Baltic cod reach sexual maturity at around 2 years of age and spawn from May to August. Specific conditions are required for the females to release their eggs. The water needs to be around 7ºC with a salinity level of at least 12 per mil and an oxygen content of at least 8 mg/litre (5.6 ml/l). The same applies to the males’ sperm, which need these same conditions in order to swim. Watch a short film here from cod spawning at the Ar research station.
Mating begins with courtship – the male swims with his stomach turned towards the female. Photo: Johanna Fröjd, BalticWaters.
The eggs then float to the surface, where they are collected by the egg collector and moved to incubation units where the larvae will hatch. It takes around 12 days from fertilisation to hatching if the water maintains a temperature of 7ºC. Once the larvae hatch, they live of their yolk sac for 4 – 6 days. When the yolk sac is consumed, the larva’s jaw is fully formed and it starts foraging on its own. Larvae at Ar are not released until they have consumed the entire yolk sac.
From egg to larva to cod in the Baltic
Once the larva is released, during its initial stage it lives freely in the body of water and eats mostly zooplankton. Cod larvae can swim but only very poorly at first, so they follow the water’s currents. When the cod larva is about 1 – 1.5 months old, it had grown and developed into a small cod. It then moves closer to the coast and towards the sea bed to feed on crustaceans and other small animals, and when it eventually grows larger it moves into deeper water where it eats mainly fish. Several factors determine the amount of time it takes from fertilisation to developed cod, including food availability and temperature. But few eggs become adult cod – cod egg mortality is over 99% in the wild, and mortality rates are also high for cod larvae.
Larvae have developed in fertilised eggs.
’One of the project’s challenges is that cod in the Baltic are living so close to the limit of being unable to reproduce. There are cod as far up as Åland, but the salinity level there is so low that the cod’s eggs are unlikely to survive. But this is just one of many questions the project will examine in coming years,’ says Konrad.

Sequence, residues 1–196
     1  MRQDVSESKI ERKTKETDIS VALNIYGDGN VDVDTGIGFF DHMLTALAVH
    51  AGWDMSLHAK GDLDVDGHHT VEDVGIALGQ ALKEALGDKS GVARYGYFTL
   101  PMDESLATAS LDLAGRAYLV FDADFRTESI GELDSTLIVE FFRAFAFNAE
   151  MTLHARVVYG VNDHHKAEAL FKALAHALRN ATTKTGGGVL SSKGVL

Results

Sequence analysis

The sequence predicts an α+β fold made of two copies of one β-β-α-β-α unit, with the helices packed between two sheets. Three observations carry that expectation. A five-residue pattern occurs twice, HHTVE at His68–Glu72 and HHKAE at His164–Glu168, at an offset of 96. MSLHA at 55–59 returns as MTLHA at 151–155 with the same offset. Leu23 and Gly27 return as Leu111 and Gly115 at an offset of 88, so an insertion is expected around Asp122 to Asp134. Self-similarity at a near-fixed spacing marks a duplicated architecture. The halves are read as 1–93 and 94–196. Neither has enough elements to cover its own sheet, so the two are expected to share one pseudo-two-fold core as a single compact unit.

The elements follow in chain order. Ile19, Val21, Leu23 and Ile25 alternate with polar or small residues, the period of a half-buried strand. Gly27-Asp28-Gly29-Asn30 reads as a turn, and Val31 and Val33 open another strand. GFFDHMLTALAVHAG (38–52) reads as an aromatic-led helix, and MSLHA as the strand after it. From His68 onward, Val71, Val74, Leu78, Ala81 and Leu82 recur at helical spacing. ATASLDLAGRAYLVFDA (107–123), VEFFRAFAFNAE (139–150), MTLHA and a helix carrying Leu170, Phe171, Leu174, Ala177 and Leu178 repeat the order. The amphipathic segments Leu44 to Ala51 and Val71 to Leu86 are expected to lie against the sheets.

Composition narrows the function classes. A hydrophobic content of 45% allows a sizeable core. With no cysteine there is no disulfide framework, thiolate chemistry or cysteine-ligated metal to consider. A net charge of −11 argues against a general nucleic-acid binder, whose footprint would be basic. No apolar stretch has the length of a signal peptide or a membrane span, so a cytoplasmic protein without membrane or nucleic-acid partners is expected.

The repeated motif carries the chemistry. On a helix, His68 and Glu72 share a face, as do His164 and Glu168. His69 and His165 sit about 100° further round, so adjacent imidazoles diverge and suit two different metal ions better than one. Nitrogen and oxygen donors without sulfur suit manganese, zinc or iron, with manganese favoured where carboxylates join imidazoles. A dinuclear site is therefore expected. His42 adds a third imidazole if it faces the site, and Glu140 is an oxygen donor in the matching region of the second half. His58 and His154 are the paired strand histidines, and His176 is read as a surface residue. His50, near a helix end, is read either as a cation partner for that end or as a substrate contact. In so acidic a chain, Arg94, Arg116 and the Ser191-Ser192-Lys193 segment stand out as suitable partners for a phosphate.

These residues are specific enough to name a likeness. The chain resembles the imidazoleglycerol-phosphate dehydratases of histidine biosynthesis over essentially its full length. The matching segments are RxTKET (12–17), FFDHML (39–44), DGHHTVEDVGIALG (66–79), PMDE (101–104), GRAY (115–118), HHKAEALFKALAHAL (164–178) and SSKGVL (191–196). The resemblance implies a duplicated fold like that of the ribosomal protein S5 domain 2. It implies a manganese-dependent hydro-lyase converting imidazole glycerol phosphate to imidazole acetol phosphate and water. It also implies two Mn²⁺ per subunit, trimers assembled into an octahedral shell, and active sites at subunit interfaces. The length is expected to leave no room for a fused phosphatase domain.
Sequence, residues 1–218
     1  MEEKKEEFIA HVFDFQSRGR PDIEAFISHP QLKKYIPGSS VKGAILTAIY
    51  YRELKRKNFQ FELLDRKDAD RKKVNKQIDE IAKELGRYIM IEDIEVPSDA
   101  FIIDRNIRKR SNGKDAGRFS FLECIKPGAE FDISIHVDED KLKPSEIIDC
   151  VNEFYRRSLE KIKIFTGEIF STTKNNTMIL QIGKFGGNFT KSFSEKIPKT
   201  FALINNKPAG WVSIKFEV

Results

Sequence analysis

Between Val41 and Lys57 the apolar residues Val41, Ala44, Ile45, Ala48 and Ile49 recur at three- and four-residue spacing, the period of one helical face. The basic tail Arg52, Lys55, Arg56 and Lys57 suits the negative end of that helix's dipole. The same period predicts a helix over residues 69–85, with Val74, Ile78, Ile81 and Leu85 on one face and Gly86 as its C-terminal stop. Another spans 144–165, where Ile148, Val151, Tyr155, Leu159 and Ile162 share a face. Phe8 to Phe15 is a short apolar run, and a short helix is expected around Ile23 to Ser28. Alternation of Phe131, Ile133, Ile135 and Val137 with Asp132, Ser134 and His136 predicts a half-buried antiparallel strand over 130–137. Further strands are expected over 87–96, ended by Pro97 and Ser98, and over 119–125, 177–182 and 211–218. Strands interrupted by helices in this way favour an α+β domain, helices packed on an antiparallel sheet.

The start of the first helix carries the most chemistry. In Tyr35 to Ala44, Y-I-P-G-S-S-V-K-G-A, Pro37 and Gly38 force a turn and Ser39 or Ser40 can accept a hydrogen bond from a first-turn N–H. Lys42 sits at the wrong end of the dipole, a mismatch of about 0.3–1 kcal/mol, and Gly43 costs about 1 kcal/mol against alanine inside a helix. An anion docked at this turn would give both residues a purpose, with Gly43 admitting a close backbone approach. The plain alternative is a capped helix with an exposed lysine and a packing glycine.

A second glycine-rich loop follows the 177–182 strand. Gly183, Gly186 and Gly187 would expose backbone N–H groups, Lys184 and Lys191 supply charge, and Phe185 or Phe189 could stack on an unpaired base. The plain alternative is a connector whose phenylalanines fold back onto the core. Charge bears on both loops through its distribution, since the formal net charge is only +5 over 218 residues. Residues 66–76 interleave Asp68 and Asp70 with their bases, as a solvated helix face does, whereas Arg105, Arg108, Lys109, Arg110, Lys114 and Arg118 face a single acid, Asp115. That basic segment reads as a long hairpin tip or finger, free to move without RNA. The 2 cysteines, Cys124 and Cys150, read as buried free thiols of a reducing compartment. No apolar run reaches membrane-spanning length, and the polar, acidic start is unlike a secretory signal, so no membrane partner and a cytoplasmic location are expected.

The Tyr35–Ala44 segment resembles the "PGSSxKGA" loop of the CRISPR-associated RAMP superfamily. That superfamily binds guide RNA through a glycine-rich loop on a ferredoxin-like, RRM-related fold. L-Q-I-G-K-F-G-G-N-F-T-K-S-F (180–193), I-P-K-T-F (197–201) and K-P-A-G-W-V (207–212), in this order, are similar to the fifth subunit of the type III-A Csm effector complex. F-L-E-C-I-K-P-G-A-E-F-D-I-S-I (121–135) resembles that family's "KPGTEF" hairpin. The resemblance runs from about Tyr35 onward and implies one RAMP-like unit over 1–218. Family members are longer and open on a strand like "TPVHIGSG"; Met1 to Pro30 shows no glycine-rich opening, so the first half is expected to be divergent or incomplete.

Many challenges await the larvae hatched at the research station – one of which is transport to the release site and then release into the Baltic Sea.
‘This year we released around 800,000 larvae, but we don’t yet know how many have survived. So future data analyses, test fishing and scientific monitoring will be key components of the project,’ says Konrad.
Prior to release, test fishing and thorough sampling was conducted in selected bays. A total of 15 releases were done during the summer: one in Baggensfjärden in the Stockholm archipelago, four in Tvären outside Nyköping and ten in Kappelshamn on Gotland. The bays were selected because they have the conditions necessary to give the larvae a good chance of survival. Baggensfjärden and Tvären are more enclosed bays, which improves the likelihood that the project will be able to recapture the cod in future. Kappelshamn is a more open bay, which makes recapture more difficult.
’This first year, we’ve focused on learning how the releases should be done in order to be as gentle as possible on the cod larvae. It’s easier to do more releases here on Gotland, where the research station is, but next year we’ll focus on doing most of the releases in Baggensfjärden and Tvären,’ says Johanna.
Spawning has now ended, and in mid-August the final release of the year was done. Calm has settled over the research station – but it won’t last long. To ensure genetic variation during next season’s spawning, the cod at Ar will be exchanged and new fish will be moved to the station during the autumn. But a lot needs to be done before then.